2: Review Your Utensil Inventory
You can't cook without the proper gear.
If you think Thanksgiving is a single, lavish meal, you're wrong. It's a whole day filled with eating and celebrating. If you have two wooden spoons, chances are you'll need one or two more. If you have one oven mitt, you'll be burned and crying before the day is out if you're cooking a turkey in the oven. Before the big day, check your tools, utensils and other miscellaneous stuff to make sure you have enough of what you need for the day. Even if you have a great dishwasher, you probably won't want to run it with less than a full load, so make life easier by having backup gadgets and tools. Here are some likely candidates:
- measuring cups
- measuring spoons
- slotted spoons
- cutting boards
- cookie sheets
- pie tins
- mixing bowls
1: Develop Your Thanksgiving Strategy
You may think your Thanksgiving meal preparation will be similar to your mom's or your aunt's, but you're wrong. Yours will be unique because your turkey will cook for a longer or shorter time, depending on its size, and you'll be cooking other, or more, dishes. Each dish you choose will have its own assembly requirements. Some things will need to be chilled before cooking, so they'll require refrigerator space. Others will have to go into the oven at about the same time but require different cooking temperatures.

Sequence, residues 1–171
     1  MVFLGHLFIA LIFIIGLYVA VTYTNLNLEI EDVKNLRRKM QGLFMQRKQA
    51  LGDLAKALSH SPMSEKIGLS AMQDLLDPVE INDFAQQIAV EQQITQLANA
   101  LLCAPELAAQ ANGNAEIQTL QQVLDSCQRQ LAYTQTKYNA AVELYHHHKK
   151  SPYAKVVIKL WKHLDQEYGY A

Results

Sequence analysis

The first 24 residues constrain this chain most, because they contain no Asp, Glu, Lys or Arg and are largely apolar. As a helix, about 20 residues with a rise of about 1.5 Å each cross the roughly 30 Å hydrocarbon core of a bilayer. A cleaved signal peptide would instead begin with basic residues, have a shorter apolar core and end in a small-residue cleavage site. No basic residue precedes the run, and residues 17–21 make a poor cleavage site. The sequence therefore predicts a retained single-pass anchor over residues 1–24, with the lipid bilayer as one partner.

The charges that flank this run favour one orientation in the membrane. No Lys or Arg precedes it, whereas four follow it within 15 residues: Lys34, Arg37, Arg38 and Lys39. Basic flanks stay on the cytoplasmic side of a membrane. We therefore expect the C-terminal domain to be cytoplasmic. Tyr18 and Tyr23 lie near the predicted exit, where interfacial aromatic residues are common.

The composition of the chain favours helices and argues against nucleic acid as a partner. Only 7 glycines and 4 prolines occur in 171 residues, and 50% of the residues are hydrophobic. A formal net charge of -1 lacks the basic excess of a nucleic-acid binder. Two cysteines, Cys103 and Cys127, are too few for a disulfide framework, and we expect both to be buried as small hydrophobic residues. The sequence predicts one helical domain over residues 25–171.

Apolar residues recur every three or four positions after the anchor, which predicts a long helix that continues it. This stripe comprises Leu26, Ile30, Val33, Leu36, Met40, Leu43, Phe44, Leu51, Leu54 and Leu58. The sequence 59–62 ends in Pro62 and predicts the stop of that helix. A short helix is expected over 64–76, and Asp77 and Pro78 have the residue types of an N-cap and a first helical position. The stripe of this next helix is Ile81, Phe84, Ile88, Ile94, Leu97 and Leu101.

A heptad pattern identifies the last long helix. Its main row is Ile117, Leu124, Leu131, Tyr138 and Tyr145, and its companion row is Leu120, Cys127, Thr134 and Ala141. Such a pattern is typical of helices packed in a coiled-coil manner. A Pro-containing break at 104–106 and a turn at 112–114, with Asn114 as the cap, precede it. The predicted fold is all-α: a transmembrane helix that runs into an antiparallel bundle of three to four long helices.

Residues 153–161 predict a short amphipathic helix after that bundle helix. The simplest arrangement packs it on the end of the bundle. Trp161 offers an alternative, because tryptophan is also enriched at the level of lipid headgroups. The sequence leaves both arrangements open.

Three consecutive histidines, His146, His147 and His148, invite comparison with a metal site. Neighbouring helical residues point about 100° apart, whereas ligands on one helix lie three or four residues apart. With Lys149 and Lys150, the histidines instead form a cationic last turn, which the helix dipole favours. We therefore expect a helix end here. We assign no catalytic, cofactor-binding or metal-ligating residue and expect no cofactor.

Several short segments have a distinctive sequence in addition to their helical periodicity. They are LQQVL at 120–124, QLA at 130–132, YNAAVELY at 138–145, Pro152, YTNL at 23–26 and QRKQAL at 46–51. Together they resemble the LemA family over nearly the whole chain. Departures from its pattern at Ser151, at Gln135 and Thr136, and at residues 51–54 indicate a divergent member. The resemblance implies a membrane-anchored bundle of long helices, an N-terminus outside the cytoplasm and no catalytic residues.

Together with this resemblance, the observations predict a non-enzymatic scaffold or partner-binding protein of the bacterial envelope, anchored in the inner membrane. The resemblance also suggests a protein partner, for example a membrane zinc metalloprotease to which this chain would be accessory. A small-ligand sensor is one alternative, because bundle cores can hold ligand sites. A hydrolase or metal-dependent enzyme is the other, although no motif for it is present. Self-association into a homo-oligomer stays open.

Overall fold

These challenges will be unique to your experience of cooking Thanksgiving dinner. You may have to dial back on the cooking temperature for your green bean casserole in order to cook the apple pie, or vice versa. You might have to put the fruit salad in the garage fridge or even in the freezer for a few minutes so you'll have room to chill the macaroons. Juggling all the details gets easier with experience, but if this is your first or second time at it, planning is the key to getting everything prepared on time without one or two culinary casualties.
Take a look at your recipes and start strategizing your approach even before you buy ingredients. You may discover that one of your choices is just too much of a hassle, or that it's more logical to have someone else prepare a particular dish. If you know what to expect, you have options. You can cook some things ahead of time, and when your sister asks if she can bring anything, you'll have a ready answer, and it will be the right one.